Another media practitioner assassinated, as the killing spree of journalists in the Philippines continues

Gunmen onboard a motorcycle shot dead radio commentator Virgilio Maganes in Pangasinan yesterday, as he was about to enter his house.

As a member of the progressive journalists’ organisation, the National Union of Journalists in the Philippines (NUJP), Maganes was no stranger to threats on his life. In November 2016, he narrowly survived an attempt on his life as motorcycle-riding gunmen opened fire on him as he was riding a tricycle.

The veteran journalist only survived by playing dead after being hit with a non-fatal gunshot wound. As he lay motionless, his would-be assassins left a sign near him which read: “Drug pusher, huwag pamarisan” (English: [He’s a] Drug pusher, don’t emulate him!).

It can be recalled that President Rodrigo Duterte’s infamous “war on drugs” was at its peak during that time. The gunmen were obviously trying to smear Maganes and disguise his assassination as part of the campaign to crack down on illegal drugs.

Unfortunately, Maganes was not as fortunate in the second attempt on his life, making him the 18th media practitioner to be assassinated under the Duterte regime.

[Alert] NUJP member who survived 2016 slay try shot dead

A journalist who survived a slay attempt in 2016 was shot dead…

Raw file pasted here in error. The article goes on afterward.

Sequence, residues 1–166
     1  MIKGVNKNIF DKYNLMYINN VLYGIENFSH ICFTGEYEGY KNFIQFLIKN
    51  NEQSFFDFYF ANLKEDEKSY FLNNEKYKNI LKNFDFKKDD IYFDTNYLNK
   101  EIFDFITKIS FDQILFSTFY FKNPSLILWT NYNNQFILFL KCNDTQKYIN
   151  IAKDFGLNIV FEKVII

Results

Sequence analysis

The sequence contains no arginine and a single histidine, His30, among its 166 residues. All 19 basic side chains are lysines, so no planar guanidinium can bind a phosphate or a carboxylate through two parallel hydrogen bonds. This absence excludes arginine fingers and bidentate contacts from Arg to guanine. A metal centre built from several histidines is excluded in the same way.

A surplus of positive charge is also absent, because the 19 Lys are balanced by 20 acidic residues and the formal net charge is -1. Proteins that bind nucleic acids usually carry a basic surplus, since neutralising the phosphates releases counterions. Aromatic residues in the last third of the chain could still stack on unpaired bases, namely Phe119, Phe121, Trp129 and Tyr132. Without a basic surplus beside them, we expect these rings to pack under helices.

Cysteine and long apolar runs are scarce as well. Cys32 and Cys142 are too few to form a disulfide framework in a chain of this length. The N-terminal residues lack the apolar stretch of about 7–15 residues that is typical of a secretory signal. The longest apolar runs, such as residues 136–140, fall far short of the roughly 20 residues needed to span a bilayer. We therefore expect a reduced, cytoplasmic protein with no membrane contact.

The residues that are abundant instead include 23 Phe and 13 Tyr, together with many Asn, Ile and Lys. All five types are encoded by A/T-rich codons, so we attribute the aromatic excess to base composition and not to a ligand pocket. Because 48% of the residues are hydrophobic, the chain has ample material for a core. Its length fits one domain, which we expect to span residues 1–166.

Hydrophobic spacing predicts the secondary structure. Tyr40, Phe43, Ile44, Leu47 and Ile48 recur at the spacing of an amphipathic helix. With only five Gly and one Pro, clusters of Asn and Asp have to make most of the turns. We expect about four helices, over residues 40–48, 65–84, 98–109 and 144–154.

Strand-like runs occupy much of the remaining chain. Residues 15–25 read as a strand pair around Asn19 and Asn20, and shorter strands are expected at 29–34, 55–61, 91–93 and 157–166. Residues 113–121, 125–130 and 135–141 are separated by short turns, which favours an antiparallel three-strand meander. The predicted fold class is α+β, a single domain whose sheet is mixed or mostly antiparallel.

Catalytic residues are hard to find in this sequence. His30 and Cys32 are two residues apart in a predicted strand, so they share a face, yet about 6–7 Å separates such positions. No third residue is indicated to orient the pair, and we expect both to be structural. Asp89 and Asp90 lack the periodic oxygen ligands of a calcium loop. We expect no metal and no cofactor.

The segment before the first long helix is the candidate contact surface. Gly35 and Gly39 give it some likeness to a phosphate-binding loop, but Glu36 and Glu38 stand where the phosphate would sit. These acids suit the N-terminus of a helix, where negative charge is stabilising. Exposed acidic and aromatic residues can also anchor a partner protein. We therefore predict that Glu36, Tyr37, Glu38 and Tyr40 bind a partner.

Posted by National Union of Journalists of the Philippines on Monday, November 9, 2020

He is also the third journalist to be killed this year, following the killing of radio reporter Jobert “Polpog” Bercasio in September. Much like Maganes, the former was also killed by riding-in-tandem assailants and died on the spot.

Bercasio was a staunch commentator on ecological issues in his home province of Sorsogon. He was particularly interested in illegal logging activities and mining operations happening in the province, a blight on its natural environment.

It is obvious that the radio commentator’s campaign against these powerful industries cost him his life.

Bercasio’s death followed the killing of another radio personality, Dumaguete radio reporter Cornelio “Rex” Pepino last May. He was on board a motorcycle with his wife when they were shot at by gunmen riding another motorcycle, killing the journalist instantly.

Pepino’s death came only two days after World Press Freedom Day, a sad indictment of the media environment in the Philippines – often cited as one of the most dangerous countries on Earth to be a journalist.

In fact, in Dumaguete alone, two other radio broadcasters were killed before Pepino.

Edmund Sestoso was shot dead by motorcycle-riding gunmen on 30 April 2018 on his way home from work. He was also a member of the NUJP and hosted an afternoon radio program where he would comment on pressing social issues in Dumaguete.

A year later, Sestoso’s colleague in radio broadcasting – Dindo Generosowould also be killed by assassins on board a motorcycle. The radio announcer was shot dead on his way to the station to host his regular radio program.

Dumaguete City radio commentator Cornelio "Rex" Pepino
Dumaguete City radio commentator Cornelio “Rex” Pepino